A 10-year-long effort to build the Cloudland Canyon Connector Trail is one bridge away from being finished.
The Lula Lake Land Trust has taken delivery of a 6-foot-wide reinforced fiberglass bridge that it hopes to have in place by the end of the year over Bear Creek. That will finish the roughly 14-mile-long hiking, biking and horse-riding trail on Lookout Mountain that runs from Nick-A-Jack Road to Cloudland Canyon State Park.
"We're in the last phases of it," land trust director Tricia King Mims said. "It's been a 10-year project."
The $55,000 bridge, which was funded with grants from the Chattanooga-based Lyndhurst and Riverview foundations, will have wood decking and will support the equivalent of 33 horses or 45 all-terrain vehicles or 110 people when it's finished, land trust board member Mike Pollock said.
He expects the bridge to be dubbed Boatman's Crossing after Boatman Creek, which feeds into Bear Creek and which he said used to be home to a mill and a baptismal hole.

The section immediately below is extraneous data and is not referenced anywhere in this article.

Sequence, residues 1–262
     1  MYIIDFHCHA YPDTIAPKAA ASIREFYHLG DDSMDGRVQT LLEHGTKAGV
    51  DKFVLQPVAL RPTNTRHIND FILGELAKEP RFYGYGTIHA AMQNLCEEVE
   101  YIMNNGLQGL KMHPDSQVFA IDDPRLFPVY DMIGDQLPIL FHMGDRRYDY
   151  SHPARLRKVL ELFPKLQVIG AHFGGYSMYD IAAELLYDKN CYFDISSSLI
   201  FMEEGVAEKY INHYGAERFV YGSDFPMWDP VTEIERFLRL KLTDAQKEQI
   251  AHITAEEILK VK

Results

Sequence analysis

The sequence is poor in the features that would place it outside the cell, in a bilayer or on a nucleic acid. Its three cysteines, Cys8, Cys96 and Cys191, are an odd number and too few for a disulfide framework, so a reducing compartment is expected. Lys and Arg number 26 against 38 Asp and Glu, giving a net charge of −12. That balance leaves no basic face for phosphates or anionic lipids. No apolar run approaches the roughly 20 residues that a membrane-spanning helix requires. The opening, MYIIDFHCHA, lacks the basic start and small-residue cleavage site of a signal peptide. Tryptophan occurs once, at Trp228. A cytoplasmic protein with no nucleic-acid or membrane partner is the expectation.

"I just thought it was a cool name," Pollock said.
Can't Hardly Seam Trail
On Friday morning, a land trust work crew was working on a footbridge on the Can't Hardly Seam Trail, one of about 36 miles of loop and spur trails that come off the Cloudland Connector Trail. It's for hiking only, not mountain biking or horse-riding.
The footbridge consists of a single oak log that weighs about 2,600 pounds that was gently moved into place using a cable system.
Armed with a chain saw and an axlike tool called a Pulaski, a crew of three workers was leveling the top of the log to make a walking surface.
Later they'll rig handrails made of wood gathered on site.
The single log bridge is unique in the land trust's trail system. "It's the only one like this," Pollock said.
It's set above the water mark on the nameless creek, Pollock said, and it should stay in place.
If not, he said, "It's expendable. It's just a tree."
The Can't Hardly Seam Trail got its name from a nearby coal-mining operation that the Durham Coal and Coke Co. ran in the late 1800s and early 1900s.
"They had a very difficult time getting through the cap rock. So they called it 'Can't Hardly,'" Pollock said. "We're trying to put some local flavor [in trail names]."
Contact staff writer Tim Omarzu at email@example.com or 423-757-6651.